Flexible working arrangements are becoming more commonplace in the modern workforce. Today, many startups might not even have an office, as all their employees work remotely, sometimes from different countries or time zones. And even larger organizations are allowing employees to work from home once or twice a week – a policy we ourselves have implemented at CDW Canada.

Whether hiring remote workers or letting employees work from home, it’s important to provide the technology that allows them to stay connected to the office. Let’s take a closer look at the growing work-from-home trend, and what it means for your business.

The growing adoption of remote work

Upwork’s Future Workforce Report, a survey of 1,000 hiring managers, found that 69 percent of younger managers have team members who work remotely. And of those managers, 74 percent have team members who spend a significant portion of their time away from the office. While Baby Boomers are less likely to have employees work from home (58%), the study projects that by 2028, 73 percent of all teams will have remote workers. That is less than 10 years away!

Another report on the state of telecommuting in the U.S. found that employers could save over $11,000 per year for each employee who works from home half of the time. We’ve listed a few other ways that businesses can benefit from remote workers below.

3 benefits to businesses that implement a work from home policy

Saving on real estate: Hiring more remote workers could allow a company to cut back on its office space. For example, if a business pays $2 million a year to rent two floors of a building, and allows half of its employees to work from home, it could potentially save $1 million dollars by reducing its office space to just one floor.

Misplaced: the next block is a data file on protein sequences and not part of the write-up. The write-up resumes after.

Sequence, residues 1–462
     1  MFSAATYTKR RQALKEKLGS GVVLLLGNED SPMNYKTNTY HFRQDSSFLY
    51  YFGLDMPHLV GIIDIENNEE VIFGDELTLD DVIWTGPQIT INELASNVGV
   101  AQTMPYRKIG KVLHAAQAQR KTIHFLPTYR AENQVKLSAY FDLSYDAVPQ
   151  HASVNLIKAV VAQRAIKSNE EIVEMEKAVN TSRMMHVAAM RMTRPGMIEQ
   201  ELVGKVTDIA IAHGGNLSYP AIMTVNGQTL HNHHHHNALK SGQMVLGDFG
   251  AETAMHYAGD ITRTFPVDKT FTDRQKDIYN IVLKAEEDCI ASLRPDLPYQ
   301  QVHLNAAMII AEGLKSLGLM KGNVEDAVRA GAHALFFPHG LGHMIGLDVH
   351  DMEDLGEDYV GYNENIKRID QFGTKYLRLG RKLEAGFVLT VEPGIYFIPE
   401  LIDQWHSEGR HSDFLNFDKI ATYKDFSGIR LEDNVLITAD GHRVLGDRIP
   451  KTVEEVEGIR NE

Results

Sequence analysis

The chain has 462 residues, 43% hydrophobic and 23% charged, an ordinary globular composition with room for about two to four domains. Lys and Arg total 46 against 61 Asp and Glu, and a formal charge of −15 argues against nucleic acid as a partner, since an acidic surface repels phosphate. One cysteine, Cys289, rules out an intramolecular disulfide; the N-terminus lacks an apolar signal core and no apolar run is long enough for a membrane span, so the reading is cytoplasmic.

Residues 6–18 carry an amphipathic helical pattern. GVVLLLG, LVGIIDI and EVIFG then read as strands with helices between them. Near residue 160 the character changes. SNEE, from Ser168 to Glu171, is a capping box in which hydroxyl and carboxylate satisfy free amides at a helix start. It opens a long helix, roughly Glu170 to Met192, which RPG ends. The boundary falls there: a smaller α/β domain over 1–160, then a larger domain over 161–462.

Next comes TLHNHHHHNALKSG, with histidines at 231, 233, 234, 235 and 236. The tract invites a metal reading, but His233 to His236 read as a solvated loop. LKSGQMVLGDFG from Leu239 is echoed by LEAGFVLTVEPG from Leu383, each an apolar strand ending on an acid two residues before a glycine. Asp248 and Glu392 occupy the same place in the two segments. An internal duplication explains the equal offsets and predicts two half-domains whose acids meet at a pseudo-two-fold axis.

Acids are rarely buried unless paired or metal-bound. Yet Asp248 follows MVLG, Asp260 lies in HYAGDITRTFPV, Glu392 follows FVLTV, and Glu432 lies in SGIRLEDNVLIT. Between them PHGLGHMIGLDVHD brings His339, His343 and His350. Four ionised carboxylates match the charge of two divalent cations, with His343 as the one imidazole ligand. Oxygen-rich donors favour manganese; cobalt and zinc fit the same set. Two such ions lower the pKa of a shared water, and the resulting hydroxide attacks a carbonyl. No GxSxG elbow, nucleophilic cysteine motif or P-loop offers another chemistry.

Employee satisfaction: People prefer to work at their convenience, and a dedicated staff will stay dedicated, regardless of where they work. Hi5 Technologies, a South African software company that went from a remote team to an office location and back, found they “could easily measure that our productivity was way higher when working from home compared to working at the office.”

Open-border recruiting: By hiring remote workers, companies are no longer restricted to the talent in their geographical region; in some cases, they can find more affordable workers based in Asia or Africa, which could benefit smaller businesses looking to expand.

How to keep remote workers connected

Unified Communications as a Service (UCaaS): Unified communications have evolved from desk phones to mobile, messaging apps and AI assistants. And now, many of these services are available in the cloud. Cloud-based communications offer a consistent user experience for remote workers, since they can access UCaaS applications from any location. All you need for a good UCaaS experience is a strong internet connection.

Softphones and headsets: A lot of companies are moving away from desk phones, which makes working from home easier than ever. The latest wireless headsets plug into a laptop’s USB drive, which, paired with IP communications technology, allows employees to take their extension number with them anywhere they go and to make hands-free calls from their computer.

Web conferencing applications: Team collaboration technology, such as Cisco WebEx, Zoom and Microsoft Teams, allows users to join meetings from anywhere at the click of a button, which pops up on their screen when the meeting is about to start. Using their computer’s audio capabilities or dialing in from a softphone also eliminates long-distance charges to the employee or toll-free charges that the business would incur from an audioconference telephone line.

To learn how CDW can design a customized collaboration solution for your business, visit CDW.ca/collaboration

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